Have numbers dipped? Whether you lost a big customer, you’re facing a recession, or a competitor took over, you might be wondering how to get your small business profit up—and fast.
You’re not alone. As a freelance writer, I’ve felt anxious as I saw my business’s profit dip. There were slow seasons. Lost customers. Canceled projects. But these challenges only motivated me more. I charged full speed ahead, doing everything in my power to market my business and secure new clients.
If you’re not sure how you’re doing, look at your profit margin. That’s the money you make after paying business fees, expenses, and taxes. As a percentage, it shows how many cents you’re keeping for every dollar of sale. Your profit margin is the best indicator for the health of your business.
Now you don’t need me to tell you profit is a good thing. Instead, let’s talk about how to increase it. Here are a few approaches I’ve tried in the past that have kept me in the green.
Increase your small business’s prices.
When was the last time you raised your prices? If it’s been more than a year, it’s time to reconsider what you charge.
I know it’s nerve-racking, especially if you’re dependent on loyal customers and repeat sales. But don’t sell yourself short. Not only does the cost of doing business increase each year, but you become more experienced. Make sure your prices are in line with the market.
To help transition customers to a new price:
Most importantly, revisit your prices regularly, even if it’s by marginal amounts. Your customers will get used to this and understand it’s a natural part of doing business. After all, a gradual increase is a lot easier to handle than a sudden, intense spike.
Get business insurance.
It might seem counterintuitive—spending money when you’re trying to make money. But an unexpected loss or accident can be devastating during a time when you’re already down. A good business insurance plan will protect you and save your business if damage is great.
Try one of these plans:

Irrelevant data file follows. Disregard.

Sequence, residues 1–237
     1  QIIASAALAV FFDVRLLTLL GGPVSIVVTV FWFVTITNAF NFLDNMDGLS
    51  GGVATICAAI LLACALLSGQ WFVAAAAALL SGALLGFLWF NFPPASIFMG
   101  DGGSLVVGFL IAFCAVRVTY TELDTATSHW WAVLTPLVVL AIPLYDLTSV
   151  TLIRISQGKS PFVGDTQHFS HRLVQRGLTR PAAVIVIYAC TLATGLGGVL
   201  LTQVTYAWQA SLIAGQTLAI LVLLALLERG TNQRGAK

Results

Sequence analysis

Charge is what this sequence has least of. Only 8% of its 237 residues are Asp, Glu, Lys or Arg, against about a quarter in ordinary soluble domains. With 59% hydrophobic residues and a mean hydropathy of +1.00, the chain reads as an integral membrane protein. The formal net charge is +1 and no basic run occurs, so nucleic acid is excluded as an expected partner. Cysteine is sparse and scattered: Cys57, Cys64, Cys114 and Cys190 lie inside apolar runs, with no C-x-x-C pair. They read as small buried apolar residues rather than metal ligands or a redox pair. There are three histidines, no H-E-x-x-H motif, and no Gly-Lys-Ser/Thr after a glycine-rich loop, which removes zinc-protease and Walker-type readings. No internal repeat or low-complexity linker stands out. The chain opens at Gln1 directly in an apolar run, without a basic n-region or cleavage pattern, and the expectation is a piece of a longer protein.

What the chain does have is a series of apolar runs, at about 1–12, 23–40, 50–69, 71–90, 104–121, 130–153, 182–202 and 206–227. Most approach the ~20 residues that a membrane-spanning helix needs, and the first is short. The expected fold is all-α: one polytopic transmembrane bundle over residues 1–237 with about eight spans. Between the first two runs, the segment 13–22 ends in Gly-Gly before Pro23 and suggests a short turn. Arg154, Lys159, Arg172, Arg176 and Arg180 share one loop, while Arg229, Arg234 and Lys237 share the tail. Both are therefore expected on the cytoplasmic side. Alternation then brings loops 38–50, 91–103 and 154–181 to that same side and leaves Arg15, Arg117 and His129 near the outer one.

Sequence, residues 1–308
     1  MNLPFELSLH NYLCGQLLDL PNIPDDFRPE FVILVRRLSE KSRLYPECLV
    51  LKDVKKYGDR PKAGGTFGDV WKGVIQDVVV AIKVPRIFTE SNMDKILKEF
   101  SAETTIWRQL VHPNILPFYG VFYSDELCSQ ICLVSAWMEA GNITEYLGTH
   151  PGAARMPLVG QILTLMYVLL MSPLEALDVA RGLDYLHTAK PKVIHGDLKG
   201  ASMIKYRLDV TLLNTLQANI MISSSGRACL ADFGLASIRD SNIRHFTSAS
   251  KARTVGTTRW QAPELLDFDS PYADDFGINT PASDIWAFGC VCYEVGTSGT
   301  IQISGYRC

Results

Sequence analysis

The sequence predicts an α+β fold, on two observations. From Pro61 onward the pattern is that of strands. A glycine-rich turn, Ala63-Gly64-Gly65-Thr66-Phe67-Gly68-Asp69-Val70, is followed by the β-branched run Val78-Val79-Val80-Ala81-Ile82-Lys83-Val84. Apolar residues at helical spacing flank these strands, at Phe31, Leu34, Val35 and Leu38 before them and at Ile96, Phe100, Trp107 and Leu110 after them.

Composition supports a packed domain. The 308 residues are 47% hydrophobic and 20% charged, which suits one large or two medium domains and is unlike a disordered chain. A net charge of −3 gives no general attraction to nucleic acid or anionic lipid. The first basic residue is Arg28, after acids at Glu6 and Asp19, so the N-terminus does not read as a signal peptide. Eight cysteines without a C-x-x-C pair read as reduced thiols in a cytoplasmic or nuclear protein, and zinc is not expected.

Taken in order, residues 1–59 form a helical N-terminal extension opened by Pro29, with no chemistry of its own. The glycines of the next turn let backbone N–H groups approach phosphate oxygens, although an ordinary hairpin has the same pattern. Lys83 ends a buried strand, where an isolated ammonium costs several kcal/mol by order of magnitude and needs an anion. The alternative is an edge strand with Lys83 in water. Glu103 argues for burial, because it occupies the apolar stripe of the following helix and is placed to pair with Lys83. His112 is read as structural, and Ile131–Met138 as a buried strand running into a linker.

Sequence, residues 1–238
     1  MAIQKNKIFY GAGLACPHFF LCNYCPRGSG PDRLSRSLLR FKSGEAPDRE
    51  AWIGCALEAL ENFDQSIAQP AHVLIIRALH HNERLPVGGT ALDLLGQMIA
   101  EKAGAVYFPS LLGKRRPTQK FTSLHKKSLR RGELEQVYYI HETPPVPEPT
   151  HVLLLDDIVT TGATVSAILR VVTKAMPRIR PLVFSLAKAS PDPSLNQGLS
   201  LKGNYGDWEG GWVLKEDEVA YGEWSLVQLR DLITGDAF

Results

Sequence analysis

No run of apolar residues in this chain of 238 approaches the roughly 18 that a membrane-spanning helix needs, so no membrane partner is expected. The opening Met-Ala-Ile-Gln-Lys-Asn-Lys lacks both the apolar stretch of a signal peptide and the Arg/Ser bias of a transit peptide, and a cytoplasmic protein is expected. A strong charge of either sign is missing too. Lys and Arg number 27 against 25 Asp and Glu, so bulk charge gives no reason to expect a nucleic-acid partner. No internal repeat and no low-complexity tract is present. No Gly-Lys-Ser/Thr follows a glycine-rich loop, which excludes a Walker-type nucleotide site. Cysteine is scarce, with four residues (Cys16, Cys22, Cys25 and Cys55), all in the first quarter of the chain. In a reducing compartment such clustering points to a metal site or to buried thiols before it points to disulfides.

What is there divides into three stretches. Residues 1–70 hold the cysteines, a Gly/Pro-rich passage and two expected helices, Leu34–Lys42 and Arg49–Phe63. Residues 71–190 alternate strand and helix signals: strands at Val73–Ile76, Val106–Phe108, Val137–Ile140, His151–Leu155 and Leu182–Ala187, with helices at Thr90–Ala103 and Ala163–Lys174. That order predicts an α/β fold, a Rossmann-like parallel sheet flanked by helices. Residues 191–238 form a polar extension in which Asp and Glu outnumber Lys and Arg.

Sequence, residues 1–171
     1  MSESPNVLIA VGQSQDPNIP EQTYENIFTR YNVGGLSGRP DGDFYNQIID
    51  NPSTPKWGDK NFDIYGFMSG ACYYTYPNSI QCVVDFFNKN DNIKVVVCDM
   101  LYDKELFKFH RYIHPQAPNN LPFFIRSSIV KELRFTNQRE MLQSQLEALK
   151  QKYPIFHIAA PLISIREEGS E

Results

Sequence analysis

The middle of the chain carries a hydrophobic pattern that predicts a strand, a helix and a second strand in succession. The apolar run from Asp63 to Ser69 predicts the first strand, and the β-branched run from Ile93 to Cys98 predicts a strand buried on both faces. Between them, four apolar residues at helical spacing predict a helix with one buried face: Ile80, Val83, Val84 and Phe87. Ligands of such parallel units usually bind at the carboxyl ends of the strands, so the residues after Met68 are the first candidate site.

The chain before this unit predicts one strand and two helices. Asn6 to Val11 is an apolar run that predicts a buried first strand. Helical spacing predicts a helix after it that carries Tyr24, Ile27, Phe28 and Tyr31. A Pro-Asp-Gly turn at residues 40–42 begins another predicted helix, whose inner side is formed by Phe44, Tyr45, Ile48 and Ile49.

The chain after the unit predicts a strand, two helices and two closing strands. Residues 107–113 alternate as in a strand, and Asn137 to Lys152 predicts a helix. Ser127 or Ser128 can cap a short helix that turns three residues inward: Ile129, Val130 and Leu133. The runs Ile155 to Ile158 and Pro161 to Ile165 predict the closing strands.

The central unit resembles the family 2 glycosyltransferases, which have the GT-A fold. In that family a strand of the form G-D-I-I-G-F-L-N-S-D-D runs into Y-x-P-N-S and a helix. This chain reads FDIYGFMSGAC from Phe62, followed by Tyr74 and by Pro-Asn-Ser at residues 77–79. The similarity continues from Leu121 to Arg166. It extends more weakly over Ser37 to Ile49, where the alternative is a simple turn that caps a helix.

Remember, it’s hard to skyrocket your small business’s profit when you face a financial setback. Avoid a bad situation altogether by getting insured.
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Decrease your costs.
Saving a little here and there can make a big difference—and support your profit margin. Here are some key areas where you can consider cutting back, depending on your industry.
Inventory. Sure, you’ve used the same supplier for years. You have a relationship. But is this the cheapest option? Compare the prices of different vendors. Believe me, they want your sale and might even offer you a deal if you tell them you’re price shopping.
Office space. If you work from home (like me), skip ahead. But if you rent an office space, check out the cost. Is it comparable to similar offices in your area? If prices have dropped, renegotiate with your landlord.
Is there any way you can run your business out of your vehicle or home? I’m talking to you, landscapers and contractors. If you don’t need office space, use your home, garage, or basement. You’ll save big time on rent, taxes, and insurance.
Staff. No one likes to cut staff. Instead, think deeply before hiring new employees. Do you really need a permanent employee or can you offer seasonal employment? Hiring during a temporary busy season gives you freedom. You can ask the person to stay if they’re really productive. And, if not, it’s easy to say goodbye.
Try the same approach with contract employees. A contract lets you work with someone for a period of time to test out the relationship—before you get too committed. If it works out, you can always discuss extending the contract.
Get new business leads.
When profits dip, it’s time to reel in new business. Fortunately, digital marketing can help you get new customers without spending a ton of money. Start with your website. If you don’t have one, use a website builder to get started. Then make these enhancements:
Once you have email addresses and phone numbers, follow up! Send a helpful email, ask a question, and keep nurturing leads so they’re more likely to buy.
Make a plan to keep current customers.
It’s a lot easier to keep ‘em coming back than to get new customers. To keep your customer churn rate low, ask for feedback regularly. Try an anonymous survey, a focus group, or ask customers for feedback one-on-one.
Some question to ask:
If you see a pattern in their answers, take note. Then make changes based on customer feedback. Trust me, your buyers will notice and come back.
You’ll get there…
It’s a lot to do, but it’s actually easy to boost small business profit if you take the right steps. Just roll up your sleeves and get to work. You’ll see the cash arrive in no time.
I earned a B.A. in Journalism from the University of Wisconsin at Madison (go Bucky). After realizing my first job might involve carrying a police scanner at 2 am in pursuit of “newsworthy” crimes, I decided I was better suited for freelance blogging and marketing writing. Since 2010, I’ve owned my freelance writing business, EST Creative. When I’m not penning, doodling ideas, or chatting with clients, you’ll find me hiking with my husband, baby boy, and 2 mischievous mutts.
This content is for general, informational purposes only and is not intended to provide legal, tax, accounting, or financial advice. Please obtain expert advice from industry specific professionals who may better understand your business’s needs. Read our full disclaimer
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